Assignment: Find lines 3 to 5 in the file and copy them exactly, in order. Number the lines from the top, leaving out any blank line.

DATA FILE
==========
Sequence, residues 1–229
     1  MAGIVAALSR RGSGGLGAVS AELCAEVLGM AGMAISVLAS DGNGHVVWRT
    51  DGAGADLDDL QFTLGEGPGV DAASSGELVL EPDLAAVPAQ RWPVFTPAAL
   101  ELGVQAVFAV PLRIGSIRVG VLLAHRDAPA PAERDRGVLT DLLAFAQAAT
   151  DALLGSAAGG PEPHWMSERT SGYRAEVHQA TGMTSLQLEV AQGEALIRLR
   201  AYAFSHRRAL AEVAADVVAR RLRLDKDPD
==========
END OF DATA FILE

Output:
    51  DGAGADLDDL QFTLGEGPGV DAASSGELVL EPDLAAVPAQ RWPVFTPAAL
   101  ELGVQAVFAV PLRIGSIRVG VLLAHRDAPA PAERDRGVLT DLLAFAQAAT
   151  DALLGSAAGG PEPHWMSERT SGYRAEVHQA TGMTSLQLEV AQGEALIRLR